Coding Changes for 2020: Don't Miss Out

Betsy Nicoletti, MS

Disclosures

December 11, 2019

Code 99473: Self-measured blood pressure using a device validated for clinical accuracy; patient education/training and device calibration. This means the patient has a home blood pressure cuff, and the staff makes sure it is accurate and that the patient knows how to use it.

Code 99474: Separate self-measurements of two readings, 1 minute apart, twice daily over a 30-day period (minimum of 12 readings); collection of data reported by the patient and/or caregiver to the physician or other qualified healthcare professional, with report of average systolic and diastolic pressures and subsequent communication of a treatment plan to the patient.

The code doesn't mandate the method in which the physician gets the information—it doesn't have to be digitally collected, stored, and transmitted. The patient could write down the information and send it to the physician electronically or by mail. The physician, NP, or PA looks at it and either changes or doesn't change the medication/plan.

Code 99473 is used when a patient brings in their home blood pressure cuff/monitor, it is calibrated to the office, and the patient is provided education and training on how to use the device at home to measure their blood pressure. You can use this code only once per device. This work would typically be done by clinical staff.

Code 99474 is used when the patient brings their blood pressure measurements into the office for review by a physician or nonphysician practitioner. These are the requirements:

  • Self-measurement consists of two readings, taken 1 minute apart;

  • They must be done twice daily over a 30-day period;

  • There must be at least 12 readings over the 30-day period to report this code;

  • The documentation must include average systolic and diastolic pressures; and

  • Documentation must show the subsequent communication of a treatment plan to the patient.

The code description requires a minimum of 12 readings in the 30-day period. Each measurement consists of two readings, 1 minute apart, done twice in 1 day. (Two readings twice in a day = four readings.) This would need to be done at least 3 days in the 30-day period. (Four readings each day for 3 days = 12 readings.)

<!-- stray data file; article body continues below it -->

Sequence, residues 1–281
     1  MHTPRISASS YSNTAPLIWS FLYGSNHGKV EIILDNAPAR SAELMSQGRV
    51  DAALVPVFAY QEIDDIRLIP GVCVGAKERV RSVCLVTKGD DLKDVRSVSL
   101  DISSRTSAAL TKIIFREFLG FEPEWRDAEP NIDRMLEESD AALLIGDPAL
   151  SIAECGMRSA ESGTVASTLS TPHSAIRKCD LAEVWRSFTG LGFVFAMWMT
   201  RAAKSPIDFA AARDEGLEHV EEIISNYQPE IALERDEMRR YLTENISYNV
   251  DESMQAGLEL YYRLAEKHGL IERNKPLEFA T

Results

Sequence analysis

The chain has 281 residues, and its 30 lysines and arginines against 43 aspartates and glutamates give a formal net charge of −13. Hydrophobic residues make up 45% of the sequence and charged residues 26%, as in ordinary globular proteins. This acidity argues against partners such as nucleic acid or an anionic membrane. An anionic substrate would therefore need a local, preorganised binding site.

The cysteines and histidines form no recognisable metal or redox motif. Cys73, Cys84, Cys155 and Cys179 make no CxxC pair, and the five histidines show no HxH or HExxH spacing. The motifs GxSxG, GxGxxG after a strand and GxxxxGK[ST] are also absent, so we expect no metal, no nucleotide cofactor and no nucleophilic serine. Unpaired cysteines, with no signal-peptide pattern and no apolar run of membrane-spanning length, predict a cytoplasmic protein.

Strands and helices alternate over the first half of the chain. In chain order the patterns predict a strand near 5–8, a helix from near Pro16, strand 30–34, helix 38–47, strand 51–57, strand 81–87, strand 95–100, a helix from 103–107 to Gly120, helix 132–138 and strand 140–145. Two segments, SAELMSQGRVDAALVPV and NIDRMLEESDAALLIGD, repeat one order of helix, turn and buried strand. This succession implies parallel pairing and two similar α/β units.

For this code, the analysis and development of the treatment plan are performed by the physician or NP, but the communication of the plan can be the work of the clinical staff or could be sent via secure messaging to the patient.

Redefining Remote Monitoring

In 2019, CPT developed codes for treatment and management based on data from remote monitoring of healthcare data via a US Food and Drug Administration (FDA)-approved device.

For 2020, CPT is amending the definition of the remote monitoring code 99457, changing it from "20 minutes of time" to the "first 20 minutes." They developed an add-on code, 99458, for each additional 20 minutes of time.

This is good news because it more easily accounts for remote monitoring that takes more than 20 minutes.

There is a similar change for 99457 (Remote physiologic monitoring treatment management services). Here the patient has an FDA-approved device (an Apple watch, for example) or another type of sensor that takes a measurement, like an ECG. The data are electronically transmitted to the physician.

This code pays the physician, NP, or PA to look at the data and then update the treatment plan. An endocrinologist could also use it for blood glucose data submitted electronically.

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